The Water Project : 19-kenya4666-clean-water
The Water Project : 18-kenya4666-clean-water
The Water Project : 17-kenya4666-clean-water
The Water Project : 16-kenya4666-clean-water
The Water Project : 15-kenya4666-new-latrines
The Water Project : 14-kenya4666-hand-washing-stations
The Water Project : 13-kenya4666-hand-washing-stations
The Water Project : 12-kenya4666-mesh-to-fortify-tank-walls
The Water Project : 11-kenya4666-mixing-cement-together
The Water Project : 10-kenya4666-construction
The Water Project : 9-kenya4666-latrine-construction
The Water Project : 8-kenya4666-construction
The Water Project : 7-kenya4666-teacher-solomon-omole
The Water Project : 6-kenya4666-demonstration-on-gutter-cleaning
The Water Project : 5-kenya4666-training
The Water Project : 4-kenya4666-training
The Water Project : 3-kenya4666-training
The Water Project : 2-kenya4666-training
The Water Project : 1-kenya4666-training
The Water Project : 14666089_573349296184371_3447607166657940276_n
The Water Project : 18-kenya4666-gathering-materials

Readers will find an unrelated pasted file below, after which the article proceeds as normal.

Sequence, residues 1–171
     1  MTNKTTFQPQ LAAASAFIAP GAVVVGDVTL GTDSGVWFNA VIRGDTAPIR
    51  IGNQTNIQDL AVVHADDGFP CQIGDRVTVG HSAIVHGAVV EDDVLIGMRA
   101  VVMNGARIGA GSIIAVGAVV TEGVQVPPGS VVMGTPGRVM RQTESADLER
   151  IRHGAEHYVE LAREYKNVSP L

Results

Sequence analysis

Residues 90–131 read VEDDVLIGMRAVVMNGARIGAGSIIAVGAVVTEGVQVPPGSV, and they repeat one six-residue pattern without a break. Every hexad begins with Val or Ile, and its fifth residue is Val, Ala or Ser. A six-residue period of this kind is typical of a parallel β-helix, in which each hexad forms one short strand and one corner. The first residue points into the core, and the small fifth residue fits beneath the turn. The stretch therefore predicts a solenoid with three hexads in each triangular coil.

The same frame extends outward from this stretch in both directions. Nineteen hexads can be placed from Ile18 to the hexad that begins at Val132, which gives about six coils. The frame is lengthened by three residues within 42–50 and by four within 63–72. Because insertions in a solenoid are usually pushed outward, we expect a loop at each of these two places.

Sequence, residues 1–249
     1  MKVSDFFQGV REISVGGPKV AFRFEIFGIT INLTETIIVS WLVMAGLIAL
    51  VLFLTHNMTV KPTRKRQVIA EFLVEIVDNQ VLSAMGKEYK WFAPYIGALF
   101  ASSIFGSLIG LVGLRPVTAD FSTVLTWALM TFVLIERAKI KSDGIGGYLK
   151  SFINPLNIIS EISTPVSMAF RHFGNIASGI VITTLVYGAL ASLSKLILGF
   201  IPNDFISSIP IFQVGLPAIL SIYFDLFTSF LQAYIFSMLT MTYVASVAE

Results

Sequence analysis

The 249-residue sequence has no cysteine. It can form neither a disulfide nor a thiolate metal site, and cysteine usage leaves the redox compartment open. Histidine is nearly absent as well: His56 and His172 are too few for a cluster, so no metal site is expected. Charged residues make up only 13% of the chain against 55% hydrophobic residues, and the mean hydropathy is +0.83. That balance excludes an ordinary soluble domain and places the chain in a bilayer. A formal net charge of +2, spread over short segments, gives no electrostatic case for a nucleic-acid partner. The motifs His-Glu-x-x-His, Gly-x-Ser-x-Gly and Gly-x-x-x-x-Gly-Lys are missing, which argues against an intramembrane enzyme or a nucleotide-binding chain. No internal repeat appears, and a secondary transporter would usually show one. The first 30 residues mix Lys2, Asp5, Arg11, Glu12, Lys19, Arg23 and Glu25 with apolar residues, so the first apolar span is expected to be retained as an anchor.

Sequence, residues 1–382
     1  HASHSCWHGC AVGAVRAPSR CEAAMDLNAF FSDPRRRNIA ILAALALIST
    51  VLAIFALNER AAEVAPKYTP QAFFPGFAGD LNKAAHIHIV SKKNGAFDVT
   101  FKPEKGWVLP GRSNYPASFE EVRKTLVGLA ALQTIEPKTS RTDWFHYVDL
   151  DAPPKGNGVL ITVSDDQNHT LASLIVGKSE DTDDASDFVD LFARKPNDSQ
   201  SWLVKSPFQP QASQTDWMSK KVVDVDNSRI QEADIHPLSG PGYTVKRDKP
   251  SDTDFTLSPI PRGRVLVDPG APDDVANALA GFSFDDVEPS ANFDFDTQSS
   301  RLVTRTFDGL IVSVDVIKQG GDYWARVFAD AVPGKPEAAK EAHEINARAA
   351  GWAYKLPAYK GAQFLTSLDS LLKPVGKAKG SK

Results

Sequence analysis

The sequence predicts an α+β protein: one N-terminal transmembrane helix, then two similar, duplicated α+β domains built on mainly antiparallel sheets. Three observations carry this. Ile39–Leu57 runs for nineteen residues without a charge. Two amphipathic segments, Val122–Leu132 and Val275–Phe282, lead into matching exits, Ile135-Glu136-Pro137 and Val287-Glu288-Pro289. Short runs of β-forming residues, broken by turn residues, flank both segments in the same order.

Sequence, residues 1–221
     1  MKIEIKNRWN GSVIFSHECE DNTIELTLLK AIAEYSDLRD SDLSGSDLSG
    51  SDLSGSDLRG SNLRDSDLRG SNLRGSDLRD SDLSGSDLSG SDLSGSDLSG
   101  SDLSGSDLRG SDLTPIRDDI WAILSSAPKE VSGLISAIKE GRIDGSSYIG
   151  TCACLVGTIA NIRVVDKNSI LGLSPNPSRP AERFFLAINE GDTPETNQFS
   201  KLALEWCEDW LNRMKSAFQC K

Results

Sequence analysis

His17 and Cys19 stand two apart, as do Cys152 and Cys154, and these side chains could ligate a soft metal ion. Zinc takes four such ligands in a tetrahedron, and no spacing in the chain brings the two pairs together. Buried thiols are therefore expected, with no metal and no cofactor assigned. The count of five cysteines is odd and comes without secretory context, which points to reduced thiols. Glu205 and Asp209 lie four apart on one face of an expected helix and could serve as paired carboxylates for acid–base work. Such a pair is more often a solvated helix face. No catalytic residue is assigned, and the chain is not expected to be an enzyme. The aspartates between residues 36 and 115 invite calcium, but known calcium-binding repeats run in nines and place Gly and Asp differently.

The Water Project : 17-kenya4666-hand-washing-station
The Water Project : 16-kenya4666-school-kitchen-area
The Water Project : 15-kenya4666-boys-urinal
The Water Project : 14-kenya4666-inside-a-latrine
The Water Project : 13-kenya4666-latrines
The Water Project : 12-kenya4666-fetching-water
The Water Project : 11-kenya4666-line-to-fetch-water
The Water Project : 10-kenya4666-waiting-for-community
The Water Project : 9-kenya4666-3000-liter-tank
The Water Project : 8-kenya4666-working
The Water Project : 7-kenya4666-greenhouse
The Water Project : 6-kenya4666-mrs-emmy-sayo-orengo-headteacher
The Water Project : 5-kenya4666-practicing-athletics
The Water Project : 4-kenya4666-marking-the-field-for-games
The Water Project : 3-kenya4666-community-landscape
The Water Project : 2-kenya4666-class-under-trees
The Water Project : 1-kenya4666-ebukanga-security-guard

Location: Kenya

Regional Program: Western Kenya WaSH Program

Impact: 500 Served

Project Phase:  Installed

Functionality Status:  Functional



Community Profile & Stories

This project is a part of our shared program with Western Water And Sanitation Forum (WEWASAFO). Our team is pleased to directly share the below report (edited for clarity, as needed).

Welcome to the School